The Networked Nonprofit: Connecting with Social Media to Drive Change – Book Review

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The Networked Nonprofit: Connecting with Social Media to Drive Change (2010) is aimed at high-level executives, board members and entrepreneurs in the non-profit sector.

Although it does contain some basic explanation of how to use social media, the crux of the book expands well beyond this into a thesis on how non-profit organisations should be run and how they should engage with each other, both as similar but separate organisations working towards the same goals, and as a whole sector. It also serves as a guide to the culture engendered by social media and the ways in which organisations can connect and engage via these new media.

 

Beth Kanter and Allison H. Fine have both written extensively on non-profit organisations and new technology. Kanter is the author of Beth’s Blog (http://www.bethkanter.org), a popular blog in the non-profit sector and Fine has is the author of the award-winning book Momentum: Igniting Social Change in the Connected Age (2006).

 

The informal and inclusive style of Kanter and Fine’s writing is perhaps a product of their background as bloggers and represents a definite shift from many traditional reference texts. In their hands this style’s requisite openness is appealing and The Networked Nonprofit is engaging and easy to read. Many of the case studies are expressed conversationally, like the writers are introducing us to personal friends.

 

The Networked Nonprofit demonstrates the wealth of Kanter and Fine’s experience of the workings of the non-profit sector and social media through the abundance of case studies and real-world examples that they bring to the text. These examples are evidently the result of extensive interviews with social media users and innovators in the non-profit world and bring an added layer of depth evidence to the book.

 

Kanter and Fine go far beyond encouraging the use of social media as a means for advertising products or services, fundraising and awareness raising. They envision social media as a powerful tool for cooperation, engagement and network building and actively promote the virtue of their model for non-profit organisations.

 

The first part of the book explains how to become a networked non-profit, covering how to use social media and creating a social culture, and the second part addresses what to do as a networked non-profit. This structure highlights the intrinsically practical nature and attitude of this book. Although it has a conceptual framework and encourages an examination of the way that organisations are organised and managed, it is also a call to action. Kanter and Fine want readers to embrace their model for change and use social media as the impetus. Each chapter closes with a list of “reflection questions” that are designed to encourage discussion of the ideas and tools addressed in the chapter.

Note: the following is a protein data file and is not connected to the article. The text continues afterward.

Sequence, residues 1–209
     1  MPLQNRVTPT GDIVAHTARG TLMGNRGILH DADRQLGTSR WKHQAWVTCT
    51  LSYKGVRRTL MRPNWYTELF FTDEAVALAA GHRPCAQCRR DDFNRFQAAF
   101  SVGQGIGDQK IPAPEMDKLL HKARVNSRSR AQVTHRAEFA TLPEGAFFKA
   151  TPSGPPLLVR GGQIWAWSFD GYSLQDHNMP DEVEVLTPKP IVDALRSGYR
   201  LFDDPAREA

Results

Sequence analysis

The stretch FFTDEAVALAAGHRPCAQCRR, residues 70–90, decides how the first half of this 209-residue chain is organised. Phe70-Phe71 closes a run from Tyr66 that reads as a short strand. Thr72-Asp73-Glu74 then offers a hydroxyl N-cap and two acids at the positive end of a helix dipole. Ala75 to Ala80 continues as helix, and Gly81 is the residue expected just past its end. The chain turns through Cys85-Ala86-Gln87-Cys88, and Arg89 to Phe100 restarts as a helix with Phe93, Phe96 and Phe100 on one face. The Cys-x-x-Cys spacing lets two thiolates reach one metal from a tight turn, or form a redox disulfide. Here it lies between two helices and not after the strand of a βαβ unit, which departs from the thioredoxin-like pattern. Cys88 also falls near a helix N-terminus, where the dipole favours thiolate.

Kanter and Fine encourage organisations to see themselves as part of a greater network of similar organisations and to relinquish the inclination to operate independently and distant from others in the sector. They also argue that non-profit organisations should be simpler and simplify their operations by relying on their networks to offer some of the services or products that are ancillary to their primary purpose. This model, however, may not be suitable for all types of organisations and not all readers will approve of some of the assertions that the authors make or the conclusions that they come to.

 

The Networked Nonprofit is an American publication and as in other reviews of international texts we would once again like to caution readers not to take at face value any regulatory or legal advice in this book nor assume that the local non-profit sector will operate in precisely the same ways as Kanter and Fine suggest that the US one does.

 

The Networked Nonprofit offers an excellent overview of social media and is an ideal introduction for those who are unfamiliar with social media and want to know how they can use it to energise and advance their organisation. For the complete novice, the glossary featured at the back of the book is an ideal starting place. The glossary describes the various different types of social media referred to in the book and the specific tools, processes and terms relating to each of them.

 

There may be aspects of The Networked Nonprofit that some people will object to. Kanter and Fine are endorsing a collaborative and non-competitive model for non-profit organisations that not everyone will agree with. However, this book will still be valuable aid for leaders as an insightful discussion of the value of social media to non-profit organisations and an instructional guide to its effective implementation and use.

 


 

The Networked Nonprofit is available for $43 through Better Boards Resources.

About Julia Duffy

Julia is a writer and researcher at Better Boards. She has a passionate interest in the non-profit sector, particularly its legal and regulatory complexities and she follows all news and developments in this area keenly. Prior to joining Better Boards, Julia served as an intern at Philanthropy Australia. Julia has a Bachelor of Arts from the University of Melbourne, majoring in Political Science and English Literature.

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